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The record is also sequenced well, and deliberately (which Westerberg also confirms in the conversation with Wolf) but the most artful sequence is in the final run, beginning with track 12, “King of America.” This is the section of the record where “Wild Stab” shifts from enjoyable to essential.Westerberg has never been overtly political, outside of the oblique and likely unintentional messages in songs like “Fuck School” or “Customer,” but this all changes with “King of America.” The message is wrapped in robust, rippling instrumentation, but the lyrics are bitter and direct: It’s one of the most profound, astonishing lyrics he’s released, and even more so when you remember that he was working as a janitor when he discovered the Stinson brothers and Chris Mars rehearsing in the basement of the Stinson house.He even manages to get in one or two of those great Westerbergian turns of phrase, “Dinner with a cup of coffee that likes to be called a mug” or “The newspaper gets older every minute.” It’s stream-of-consciousness with a purpose, it’s giving away his secrets, telling his truths, it’s breathtaking and uncomfortable and he knows it.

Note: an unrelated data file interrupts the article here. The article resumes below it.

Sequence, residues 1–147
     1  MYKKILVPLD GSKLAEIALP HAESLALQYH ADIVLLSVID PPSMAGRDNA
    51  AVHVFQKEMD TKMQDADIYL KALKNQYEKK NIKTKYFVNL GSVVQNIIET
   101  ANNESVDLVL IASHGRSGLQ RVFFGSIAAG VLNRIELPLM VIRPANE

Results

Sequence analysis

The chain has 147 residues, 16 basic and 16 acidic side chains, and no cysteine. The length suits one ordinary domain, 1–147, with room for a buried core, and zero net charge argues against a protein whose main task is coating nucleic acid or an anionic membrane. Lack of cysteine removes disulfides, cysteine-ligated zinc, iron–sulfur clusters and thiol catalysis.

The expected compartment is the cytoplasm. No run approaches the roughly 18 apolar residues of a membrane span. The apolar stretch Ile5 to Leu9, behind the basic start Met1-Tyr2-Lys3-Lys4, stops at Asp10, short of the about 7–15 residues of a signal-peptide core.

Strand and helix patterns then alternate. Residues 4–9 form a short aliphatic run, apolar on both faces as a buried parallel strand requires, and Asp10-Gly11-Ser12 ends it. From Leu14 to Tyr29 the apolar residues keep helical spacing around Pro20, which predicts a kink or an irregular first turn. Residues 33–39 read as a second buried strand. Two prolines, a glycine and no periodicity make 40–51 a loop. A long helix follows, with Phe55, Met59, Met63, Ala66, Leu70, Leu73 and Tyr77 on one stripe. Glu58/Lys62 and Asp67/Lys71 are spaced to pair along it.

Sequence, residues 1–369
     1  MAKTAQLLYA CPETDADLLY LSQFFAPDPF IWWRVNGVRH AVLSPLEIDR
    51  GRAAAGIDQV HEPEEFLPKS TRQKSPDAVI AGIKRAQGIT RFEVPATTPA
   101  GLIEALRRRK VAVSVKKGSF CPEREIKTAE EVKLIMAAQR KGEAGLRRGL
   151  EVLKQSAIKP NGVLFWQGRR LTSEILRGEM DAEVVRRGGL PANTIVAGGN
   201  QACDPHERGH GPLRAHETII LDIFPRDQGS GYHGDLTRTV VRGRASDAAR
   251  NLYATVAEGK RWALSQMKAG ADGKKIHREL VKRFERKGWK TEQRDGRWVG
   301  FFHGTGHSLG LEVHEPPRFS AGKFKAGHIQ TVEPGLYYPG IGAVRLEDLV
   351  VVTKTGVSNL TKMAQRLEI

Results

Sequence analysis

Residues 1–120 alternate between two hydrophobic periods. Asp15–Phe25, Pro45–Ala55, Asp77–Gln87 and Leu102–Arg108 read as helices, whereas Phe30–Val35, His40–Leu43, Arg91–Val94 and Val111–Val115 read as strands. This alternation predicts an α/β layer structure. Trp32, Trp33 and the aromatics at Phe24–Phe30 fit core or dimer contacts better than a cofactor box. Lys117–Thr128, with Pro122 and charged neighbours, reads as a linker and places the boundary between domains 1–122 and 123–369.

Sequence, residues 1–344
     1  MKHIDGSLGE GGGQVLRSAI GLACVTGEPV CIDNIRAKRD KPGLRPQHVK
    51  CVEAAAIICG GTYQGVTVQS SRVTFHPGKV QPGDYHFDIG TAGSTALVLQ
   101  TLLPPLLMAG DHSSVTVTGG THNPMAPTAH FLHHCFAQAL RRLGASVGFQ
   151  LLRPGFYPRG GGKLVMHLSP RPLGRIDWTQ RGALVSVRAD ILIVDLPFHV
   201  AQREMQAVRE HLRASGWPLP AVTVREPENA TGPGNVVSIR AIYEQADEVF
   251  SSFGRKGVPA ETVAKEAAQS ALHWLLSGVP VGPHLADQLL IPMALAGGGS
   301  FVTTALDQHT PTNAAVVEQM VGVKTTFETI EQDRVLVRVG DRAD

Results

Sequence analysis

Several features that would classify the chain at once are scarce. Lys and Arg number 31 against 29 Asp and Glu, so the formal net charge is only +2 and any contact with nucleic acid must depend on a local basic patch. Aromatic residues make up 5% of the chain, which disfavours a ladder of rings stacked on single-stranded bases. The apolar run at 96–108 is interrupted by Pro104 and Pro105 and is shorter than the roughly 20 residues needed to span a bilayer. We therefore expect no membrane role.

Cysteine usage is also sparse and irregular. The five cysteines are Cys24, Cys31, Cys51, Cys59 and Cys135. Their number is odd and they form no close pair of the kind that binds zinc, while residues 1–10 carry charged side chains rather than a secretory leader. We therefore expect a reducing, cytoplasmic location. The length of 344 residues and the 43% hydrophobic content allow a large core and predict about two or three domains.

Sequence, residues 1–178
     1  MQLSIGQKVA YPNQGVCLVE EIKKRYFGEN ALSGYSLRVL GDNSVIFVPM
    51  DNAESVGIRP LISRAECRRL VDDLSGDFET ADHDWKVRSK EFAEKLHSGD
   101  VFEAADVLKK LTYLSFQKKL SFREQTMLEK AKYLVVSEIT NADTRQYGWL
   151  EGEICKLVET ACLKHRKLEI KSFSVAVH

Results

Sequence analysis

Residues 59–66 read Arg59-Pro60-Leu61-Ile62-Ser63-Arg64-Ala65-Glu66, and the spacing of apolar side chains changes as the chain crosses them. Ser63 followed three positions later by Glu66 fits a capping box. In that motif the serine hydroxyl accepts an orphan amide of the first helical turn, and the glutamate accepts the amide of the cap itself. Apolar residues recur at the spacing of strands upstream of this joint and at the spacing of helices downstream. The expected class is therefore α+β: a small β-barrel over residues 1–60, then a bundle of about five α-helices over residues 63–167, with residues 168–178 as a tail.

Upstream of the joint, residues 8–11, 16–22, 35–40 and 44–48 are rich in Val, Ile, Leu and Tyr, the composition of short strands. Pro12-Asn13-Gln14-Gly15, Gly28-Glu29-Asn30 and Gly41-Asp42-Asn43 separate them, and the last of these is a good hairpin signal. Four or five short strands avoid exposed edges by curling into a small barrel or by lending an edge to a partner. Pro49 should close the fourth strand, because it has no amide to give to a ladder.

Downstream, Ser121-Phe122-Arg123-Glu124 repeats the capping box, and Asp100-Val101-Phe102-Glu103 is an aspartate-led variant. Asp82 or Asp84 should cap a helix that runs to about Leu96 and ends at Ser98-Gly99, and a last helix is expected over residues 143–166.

There’s also an image inside the CD of the two holding hands that mirrors the two guitars on the front cover.
When an interviewer commended her recently for 'Supermodel', which begins with references to "the highest paid piece of ass" and ends "I wish she'd trade places with me", Juliana explained that she only wanted to trade places so she could suffer for her.
This is, remember, the woman Evan described as the purest person he had ever met.
The stark narration of the verses belies the singability of the choruses in an almost “Born in the USA”-like fashion, and makes one wonder what else in this vein is lost on a tape somewhere.
“All the little people can go to hell” is the key line from the track that follows, “Little People.” And then the next track, “Whole Lotta Nothin’” signs and seals the sentiment of this three-pack.